For men and women without symptoms of Zika virus, but who had possible exposure to Zika from recent travel or sexual contact, CDC recommends that health care providers advise their patients to wait at least eight weeks after their possible exposure before trying to get pregnant in order to minimize risks. For men and women without symptoms of Zika virus who live in an area with active Zika transmission, CDC recommends health care providers talk with their patients about their pregnancy plans during a Zika virus outbreak, the potential risks of Zika, and how they can prevent Zika virus infection. These are very complex, deeply personal decisions, and we are communicating the potential risks of pregnancy for people who have had Zika and for those who live in areas with active transmission. We are encouraging health care providers to have conversations with couples about pregnancy planning and their individual circumstances and to discuss strategies to prevent unintended pregnancies. Men and women who reside in areas with active Zika virus transmission who are considering pregnancy need clear guidance to help them inform the deeply personal and very complex decision about timing of pregnancy. Conversations about health risks of pregnancy can be very difficult, but are important to have. Health care providers should discuss the risks of Zika, emphasize ways to prevent Zika Virus infection, and provide information about safe and effective contraceptive methods. As part of their pregnancy planning and counseling with their healthcare providers, some women and their partners residing in areas with active Zika virus transmission might decide to delay pregnancy.
Next, I’d like to discuss the updated interim guidance for preventing sexual transmission of Zika. The recommendations for men who live in or traveled to an area with active Zika virus transmission who have a pregnant partner remain the same. CDC recommends that a man with a pregnant partner should use condoms every time they have sex or do not have sex throughout the duration of the pregnancy. To be effective, condoms must be used correctly from the start to the finish every time during sex; this includes vaginal, anal, or oral sex. The updated guidance includes new time frames for men and their non-pregnant sex partners based on the couple’s situation, including whether the man lives in or has traveled to an area with active Zika virus transmission and whether he has symptoms of possible Zika infection. The guidance are based on available information about how long the virus remains in the semen and based on whether or not men have symptoms of infection. Couples should consider condoms or not having sex for at least six months after the symptoms begin. This includes men who live in and men who traveled to areas with Zika. Couples with men who travelled to areas with Zika but who did not develop symptoms of Zika should consider using condoms or not having sex for at least eight weeks after their return in order to minimize risk. Couples with men who live in an area of Zika but have not developed symptoms should consider using condoms or not having sex while there is active Zika Transmission in the area. Couples who do not want to get pregnant should use the most effective contraceptive method that they can use correctly and consistently. Couples who are trying to get pregnant should consult with their health care provider.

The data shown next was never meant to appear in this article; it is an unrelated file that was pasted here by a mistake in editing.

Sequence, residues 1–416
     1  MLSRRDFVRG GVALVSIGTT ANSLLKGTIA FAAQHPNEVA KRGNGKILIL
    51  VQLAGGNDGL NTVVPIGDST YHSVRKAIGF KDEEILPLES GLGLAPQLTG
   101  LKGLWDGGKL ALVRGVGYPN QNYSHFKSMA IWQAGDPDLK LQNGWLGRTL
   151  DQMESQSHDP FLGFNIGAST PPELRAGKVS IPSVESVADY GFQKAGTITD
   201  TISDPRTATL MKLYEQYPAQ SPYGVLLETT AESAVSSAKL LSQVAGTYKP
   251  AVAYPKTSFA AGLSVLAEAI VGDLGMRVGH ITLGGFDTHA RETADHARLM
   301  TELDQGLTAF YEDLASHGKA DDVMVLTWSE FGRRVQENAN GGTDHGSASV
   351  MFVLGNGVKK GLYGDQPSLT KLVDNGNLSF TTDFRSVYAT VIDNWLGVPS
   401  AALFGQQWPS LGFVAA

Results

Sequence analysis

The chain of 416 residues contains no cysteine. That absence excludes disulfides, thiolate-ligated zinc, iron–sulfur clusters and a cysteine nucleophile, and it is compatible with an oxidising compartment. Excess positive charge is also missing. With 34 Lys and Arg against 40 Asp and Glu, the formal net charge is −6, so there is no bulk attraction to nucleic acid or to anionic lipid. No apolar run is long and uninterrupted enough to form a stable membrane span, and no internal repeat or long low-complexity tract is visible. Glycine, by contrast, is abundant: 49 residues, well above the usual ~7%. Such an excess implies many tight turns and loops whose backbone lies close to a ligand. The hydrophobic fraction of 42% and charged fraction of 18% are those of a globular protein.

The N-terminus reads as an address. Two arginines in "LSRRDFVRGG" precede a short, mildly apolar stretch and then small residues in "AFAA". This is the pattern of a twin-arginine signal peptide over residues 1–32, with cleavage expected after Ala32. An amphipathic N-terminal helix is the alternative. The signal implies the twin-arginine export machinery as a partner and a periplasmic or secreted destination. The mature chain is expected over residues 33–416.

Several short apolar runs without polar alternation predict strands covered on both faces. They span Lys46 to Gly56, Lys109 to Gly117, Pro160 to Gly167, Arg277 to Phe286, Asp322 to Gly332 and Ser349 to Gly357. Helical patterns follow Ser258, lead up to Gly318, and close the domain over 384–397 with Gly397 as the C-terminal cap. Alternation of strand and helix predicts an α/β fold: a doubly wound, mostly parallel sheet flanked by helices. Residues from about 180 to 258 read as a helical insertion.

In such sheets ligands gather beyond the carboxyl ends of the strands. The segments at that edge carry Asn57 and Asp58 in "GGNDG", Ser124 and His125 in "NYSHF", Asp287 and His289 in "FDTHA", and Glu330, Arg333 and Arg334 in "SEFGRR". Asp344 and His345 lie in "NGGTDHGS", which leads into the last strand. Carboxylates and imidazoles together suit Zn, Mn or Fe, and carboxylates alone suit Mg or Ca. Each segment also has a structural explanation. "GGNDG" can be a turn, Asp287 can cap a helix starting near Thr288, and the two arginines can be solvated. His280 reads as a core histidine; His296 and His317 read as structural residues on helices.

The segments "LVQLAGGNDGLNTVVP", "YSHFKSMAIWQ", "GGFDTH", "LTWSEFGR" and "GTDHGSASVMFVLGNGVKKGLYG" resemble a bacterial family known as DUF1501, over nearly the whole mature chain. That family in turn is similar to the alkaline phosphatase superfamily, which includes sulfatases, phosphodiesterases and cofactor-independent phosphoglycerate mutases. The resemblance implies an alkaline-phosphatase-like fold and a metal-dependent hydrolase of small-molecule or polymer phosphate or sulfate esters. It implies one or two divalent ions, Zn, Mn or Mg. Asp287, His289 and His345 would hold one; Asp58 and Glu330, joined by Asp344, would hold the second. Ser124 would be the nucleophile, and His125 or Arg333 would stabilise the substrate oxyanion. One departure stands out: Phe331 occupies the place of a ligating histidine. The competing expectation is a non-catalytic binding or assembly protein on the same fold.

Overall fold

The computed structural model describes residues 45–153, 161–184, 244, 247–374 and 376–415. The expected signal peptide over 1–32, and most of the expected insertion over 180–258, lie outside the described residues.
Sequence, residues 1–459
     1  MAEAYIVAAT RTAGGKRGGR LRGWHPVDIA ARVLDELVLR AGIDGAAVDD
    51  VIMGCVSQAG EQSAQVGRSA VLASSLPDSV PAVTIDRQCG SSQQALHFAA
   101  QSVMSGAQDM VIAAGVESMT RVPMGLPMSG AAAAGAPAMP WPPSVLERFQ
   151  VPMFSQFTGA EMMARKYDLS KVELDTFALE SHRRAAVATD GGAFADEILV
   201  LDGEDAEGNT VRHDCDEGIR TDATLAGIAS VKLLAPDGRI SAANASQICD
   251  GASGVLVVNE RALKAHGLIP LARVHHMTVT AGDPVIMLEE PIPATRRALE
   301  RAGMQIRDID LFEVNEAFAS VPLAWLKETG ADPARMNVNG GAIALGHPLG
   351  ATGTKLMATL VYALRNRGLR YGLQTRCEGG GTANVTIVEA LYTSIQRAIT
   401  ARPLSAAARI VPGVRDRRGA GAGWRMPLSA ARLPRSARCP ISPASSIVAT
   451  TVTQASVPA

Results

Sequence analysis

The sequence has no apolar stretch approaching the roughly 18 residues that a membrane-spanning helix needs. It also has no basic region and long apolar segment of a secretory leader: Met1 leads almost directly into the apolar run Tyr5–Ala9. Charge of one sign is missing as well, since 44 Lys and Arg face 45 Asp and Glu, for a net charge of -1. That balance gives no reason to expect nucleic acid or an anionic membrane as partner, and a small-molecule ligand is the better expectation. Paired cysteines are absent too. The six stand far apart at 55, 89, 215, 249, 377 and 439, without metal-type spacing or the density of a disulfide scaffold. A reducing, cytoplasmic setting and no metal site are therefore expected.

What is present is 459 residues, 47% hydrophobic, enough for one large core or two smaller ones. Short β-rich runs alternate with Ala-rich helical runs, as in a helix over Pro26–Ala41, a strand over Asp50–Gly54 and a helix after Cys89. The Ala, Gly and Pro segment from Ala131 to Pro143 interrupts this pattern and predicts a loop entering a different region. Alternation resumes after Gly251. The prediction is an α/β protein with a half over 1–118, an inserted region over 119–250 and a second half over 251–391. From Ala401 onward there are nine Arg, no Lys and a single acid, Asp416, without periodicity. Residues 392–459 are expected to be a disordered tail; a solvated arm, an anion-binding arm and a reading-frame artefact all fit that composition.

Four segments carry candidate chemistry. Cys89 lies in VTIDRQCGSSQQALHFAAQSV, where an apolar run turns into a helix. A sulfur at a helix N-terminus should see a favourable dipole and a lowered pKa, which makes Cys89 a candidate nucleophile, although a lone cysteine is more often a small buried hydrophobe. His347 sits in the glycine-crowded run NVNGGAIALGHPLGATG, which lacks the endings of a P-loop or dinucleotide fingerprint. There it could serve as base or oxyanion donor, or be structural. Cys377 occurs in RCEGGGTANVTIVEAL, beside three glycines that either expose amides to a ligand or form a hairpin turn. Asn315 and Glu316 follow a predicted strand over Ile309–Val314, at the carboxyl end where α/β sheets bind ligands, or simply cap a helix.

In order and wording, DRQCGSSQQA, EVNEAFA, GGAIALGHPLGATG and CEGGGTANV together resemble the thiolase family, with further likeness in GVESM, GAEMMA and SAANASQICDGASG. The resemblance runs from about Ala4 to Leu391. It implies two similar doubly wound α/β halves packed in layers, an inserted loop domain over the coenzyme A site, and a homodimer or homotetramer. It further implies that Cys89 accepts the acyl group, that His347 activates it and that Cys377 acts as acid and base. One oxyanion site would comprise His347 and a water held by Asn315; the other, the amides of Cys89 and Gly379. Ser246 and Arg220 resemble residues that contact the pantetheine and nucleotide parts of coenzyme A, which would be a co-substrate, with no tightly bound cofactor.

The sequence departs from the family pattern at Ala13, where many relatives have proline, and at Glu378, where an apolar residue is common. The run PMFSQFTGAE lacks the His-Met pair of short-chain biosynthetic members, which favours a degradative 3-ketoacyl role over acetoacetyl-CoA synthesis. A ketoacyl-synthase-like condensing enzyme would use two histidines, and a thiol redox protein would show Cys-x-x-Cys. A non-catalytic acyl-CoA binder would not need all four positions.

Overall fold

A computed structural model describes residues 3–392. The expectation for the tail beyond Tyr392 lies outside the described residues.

Finally, I’d like to briefly talk about what we have learned, based on Puerto Rico’s experience, about the importance of increasing access to contraception in areas of active Zika transmission. Because of the potential of Zika Virus’ to affect pregnant women and their fetuses, strategies to prevent unintended pregnancies are a critical part of current efforts to prevent Zika-related health effects. Based on Puerto Rico’s experience, the CDC has identified considerations and challenges in reducing unintended pregnancies in areas with active Zika transmission. Approximately 2/3 of pregnancies in Puerto Rico are unintended, indicating a potential unmet need for access to birth control. In this report, researchers estimated about 138,000 women in Puerto Rico may be at risk for unintended pregnancy and are not using one of the most effective or moderately effective forms of birth control. In areas with active Zika transmission Women and their partners who do not want to get pregnant now should be advised about the range of effective birth control methods and counseled that correct and consistent use of these methods is important if they do not want to become pregnant.